Faith and Religion: The Last Office Taboo


Visit the original article online

By Sam Ali

Why is religion at work one of the last taboos?

The continuous controversy over religious accommodations in the workplace, religious dress at the office and whether to go forward on a religious employee-resource group concerns many companies, both in HR and in legal. How does religious inclusivity increase employee engagement, retention and productivity?

Since the 1980s, companies that value diversity and inclusion have encouraged workers with common interests to organize around race, sexual orientation and gender at work in employee-resource groups. These companies assert this policy of inclusion has helped bolster their bottom line: recruitment, retention and productivity have improved as employees feel more connected to the workplace and to the marketplace.

Yet while many progressive companies have recognized the value of diversity and inclusion, they often are reluctant to recognize the value of religious employee-resource groups. About 20 percent of The 2010 DiversityInc Top 50 Companies for Diversity® report some interest in faith-based employee groups, but only a handful of companies have successfully instituted them. Two companies that do this best, albeit very differently, are American Express, No. 12 in the DiversityInc Top 50, and Ford Motor Co., No. 44. The American Express model allows different faith-based groups to be created. The Ford model creates one larger interfaith group, which covers all religions. Ford's Interfaith Network (FIN), which is frequently cited as a model for inclusive religious-employee groups, began in 2001. Eight faith traditions are currently represented on the board of FIN, but this can vary. Current groups are: four kinds of Christianity (Evangelical, Catholic, Eastern Orthodox and Latter-day Saint), Islam, Judaism, Hinduism and Buddhism. In addition, members from other faiths, including Paganism and Zoroastrianism, have joined since FIN began.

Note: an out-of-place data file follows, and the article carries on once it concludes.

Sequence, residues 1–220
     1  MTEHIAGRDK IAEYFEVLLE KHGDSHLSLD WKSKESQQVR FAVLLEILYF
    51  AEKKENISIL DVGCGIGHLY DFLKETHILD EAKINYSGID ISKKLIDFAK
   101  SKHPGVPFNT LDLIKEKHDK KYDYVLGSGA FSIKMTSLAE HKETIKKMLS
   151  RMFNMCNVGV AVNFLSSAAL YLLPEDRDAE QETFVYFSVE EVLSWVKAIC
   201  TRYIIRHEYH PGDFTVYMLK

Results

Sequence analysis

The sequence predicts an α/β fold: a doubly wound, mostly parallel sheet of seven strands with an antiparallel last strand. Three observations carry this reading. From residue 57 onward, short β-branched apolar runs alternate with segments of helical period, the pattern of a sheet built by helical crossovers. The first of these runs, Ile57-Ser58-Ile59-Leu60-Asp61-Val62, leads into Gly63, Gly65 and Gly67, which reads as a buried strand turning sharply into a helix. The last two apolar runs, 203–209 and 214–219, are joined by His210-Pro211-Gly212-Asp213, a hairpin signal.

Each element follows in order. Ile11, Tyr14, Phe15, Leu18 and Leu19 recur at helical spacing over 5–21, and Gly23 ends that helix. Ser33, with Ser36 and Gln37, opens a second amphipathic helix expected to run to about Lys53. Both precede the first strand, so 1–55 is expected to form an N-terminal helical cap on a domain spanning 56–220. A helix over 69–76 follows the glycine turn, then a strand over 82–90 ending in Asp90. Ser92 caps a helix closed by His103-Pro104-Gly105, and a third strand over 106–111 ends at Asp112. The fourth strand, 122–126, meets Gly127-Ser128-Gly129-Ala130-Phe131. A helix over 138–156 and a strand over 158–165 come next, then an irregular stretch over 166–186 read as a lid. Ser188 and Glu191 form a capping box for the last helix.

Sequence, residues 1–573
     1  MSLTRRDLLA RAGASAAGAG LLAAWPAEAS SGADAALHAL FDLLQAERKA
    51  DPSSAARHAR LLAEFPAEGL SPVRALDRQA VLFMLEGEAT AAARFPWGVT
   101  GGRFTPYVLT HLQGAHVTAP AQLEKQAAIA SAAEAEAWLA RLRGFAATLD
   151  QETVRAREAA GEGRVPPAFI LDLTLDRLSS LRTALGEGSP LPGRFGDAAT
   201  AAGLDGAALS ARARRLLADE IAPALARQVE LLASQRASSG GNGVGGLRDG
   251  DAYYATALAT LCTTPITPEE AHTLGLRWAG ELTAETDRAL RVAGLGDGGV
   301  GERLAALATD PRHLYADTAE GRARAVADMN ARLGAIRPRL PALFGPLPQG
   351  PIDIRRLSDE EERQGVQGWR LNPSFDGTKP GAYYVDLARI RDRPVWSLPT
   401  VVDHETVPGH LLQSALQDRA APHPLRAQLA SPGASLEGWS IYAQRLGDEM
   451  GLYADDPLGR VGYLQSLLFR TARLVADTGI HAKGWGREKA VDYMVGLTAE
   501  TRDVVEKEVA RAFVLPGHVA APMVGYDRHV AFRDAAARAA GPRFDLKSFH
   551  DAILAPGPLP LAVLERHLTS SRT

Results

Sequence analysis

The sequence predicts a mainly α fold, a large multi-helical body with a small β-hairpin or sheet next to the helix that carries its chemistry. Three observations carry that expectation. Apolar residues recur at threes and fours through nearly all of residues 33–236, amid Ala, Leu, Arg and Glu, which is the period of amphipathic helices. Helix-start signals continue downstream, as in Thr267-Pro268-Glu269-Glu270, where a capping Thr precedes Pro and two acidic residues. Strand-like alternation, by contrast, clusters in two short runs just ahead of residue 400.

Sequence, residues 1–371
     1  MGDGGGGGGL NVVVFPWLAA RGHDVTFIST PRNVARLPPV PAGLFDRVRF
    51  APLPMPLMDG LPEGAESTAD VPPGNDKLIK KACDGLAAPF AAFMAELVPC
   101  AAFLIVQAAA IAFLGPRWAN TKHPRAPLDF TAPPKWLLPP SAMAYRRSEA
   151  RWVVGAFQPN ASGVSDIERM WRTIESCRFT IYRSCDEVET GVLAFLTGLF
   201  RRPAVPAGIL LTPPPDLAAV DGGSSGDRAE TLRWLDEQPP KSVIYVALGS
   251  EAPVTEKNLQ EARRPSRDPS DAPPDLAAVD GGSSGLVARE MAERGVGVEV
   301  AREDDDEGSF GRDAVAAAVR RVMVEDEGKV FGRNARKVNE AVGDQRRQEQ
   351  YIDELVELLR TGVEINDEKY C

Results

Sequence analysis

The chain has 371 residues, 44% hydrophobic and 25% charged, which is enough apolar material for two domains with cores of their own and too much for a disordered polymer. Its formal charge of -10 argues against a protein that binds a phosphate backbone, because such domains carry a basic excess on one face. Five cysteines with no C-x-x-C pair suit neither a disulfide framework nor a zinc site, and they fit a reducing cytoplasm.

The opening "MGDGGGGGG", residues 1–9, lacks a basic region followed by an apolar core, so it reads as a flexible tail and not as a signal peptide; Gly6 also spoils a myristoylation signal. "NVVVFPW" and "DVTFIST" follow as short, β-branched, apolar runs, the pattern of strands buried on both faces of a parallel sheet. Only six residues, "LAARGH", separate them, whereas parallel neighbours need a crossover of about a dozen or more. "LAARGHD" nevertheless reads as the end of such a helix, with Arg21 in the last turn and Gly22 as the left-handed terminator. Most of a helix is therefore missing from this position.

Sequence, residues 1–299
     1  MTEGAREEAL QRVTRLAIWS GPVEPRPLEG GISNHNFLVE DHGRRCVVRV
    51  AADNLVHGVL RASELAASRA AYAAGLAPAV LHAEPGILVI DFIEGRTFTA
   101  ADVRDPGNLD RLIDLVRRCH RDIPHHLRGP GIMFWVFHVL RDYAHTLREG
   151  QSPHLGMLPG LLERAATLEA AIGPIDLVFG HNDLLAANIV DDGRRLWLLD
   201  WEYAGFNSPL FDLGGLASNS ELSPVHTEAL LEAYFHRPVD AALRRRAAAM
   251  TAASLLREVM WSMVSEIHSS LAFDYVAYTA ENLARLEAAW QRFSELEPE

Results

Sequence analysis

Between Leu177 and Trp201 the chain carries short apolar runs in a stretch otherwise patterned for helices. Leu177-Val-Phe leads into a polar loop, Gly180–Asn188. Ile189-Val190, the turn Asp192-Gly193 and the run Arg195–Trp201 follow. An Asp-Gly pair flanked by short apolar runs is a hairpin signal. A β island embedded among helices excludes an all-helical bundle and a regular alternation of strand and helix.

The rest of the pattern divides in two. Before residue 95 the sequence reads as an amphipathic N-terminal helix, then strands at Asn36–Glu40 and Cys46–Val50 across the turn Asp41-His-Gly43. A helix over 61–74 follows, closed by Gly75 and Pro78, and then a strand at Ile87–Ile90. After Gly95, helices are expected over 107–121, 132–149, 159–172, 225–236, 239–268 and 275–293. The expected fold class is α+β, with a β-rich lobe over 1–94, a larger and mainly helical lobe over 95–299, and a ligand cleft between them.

The business benefits of religious ERGs are similar to those that revolve around other employee-resource groups. But all too often, companies are reluctant to broach the issue of religion in the workplace, an action that many experts, such as David Miller, founding director of the University Faith & Work Initiative, say is a mistake.

"Faith at work is a bona fide social movement. For many employees, faith is a resource for ethical guidance. It can help people find meaning and purpose in their work, or help them 'stay anchored and keep their sanity' in a difficult job situation. People want to bring their whole selves to work, and for many, that includes their faith," Miller said when he was in his previous role as executive director of Yale University's Center for Faith and Culture.

Are the Tides Shifting?

American Express, considered a pioneer in the field, started its first faith-based network in the mid-1990s. Kerrie Peraino, chief diversity officer at American Express, says she frequently fields calls from other companies asking for her insight into how to start faith-based ERGs. And lately, she has seen an uptick in the number of inquiries.

"My phone rings often to talk about this from companies who have either received requests from employees to form [faith-based ERGs] or from companies interested in proactively seeing if their employees want to form one," she says. "And that has increased over the last 24 months. In my non-statistically valid way, there is an increase in interest."

Peraino believes faith-based ERGs can be a competitive differentiator. "For companies that have the culture and the readiness to do something like this, I would encourage it," she says. "Don't shy away from it. If your employees want it and you have the cultural context to make it happen, it can be a great benefit to the company in terms of insight, on both the employee base and the consumer base."

Overview of the Law

Title VII of the Civil Rights Act of 1964 prohibits employers from discriminating against individuals because of their religion in hiring, firing and other terms and conditions of employment. Title VII also requires employers to reasonably accommodate the religious practices of an employee or prospective employee, unless doing so would create an undue hardship upon the employer.

In 2009, the Equal Employment Opportunity Commission (EEOC) received 3,386 charges of religious discrimination, an increase of more than 87 percent from a decade ago and up 37 percent from just five years earlier.

A Nation of Believers

Beyond issues of legality, however, religion remains an important part of life in the United States. According to the Gallup Organization, 95 percent of Americans say they believe in God or a universal spirit, and nearly 50 percent say they talked about their religious faith at work that day.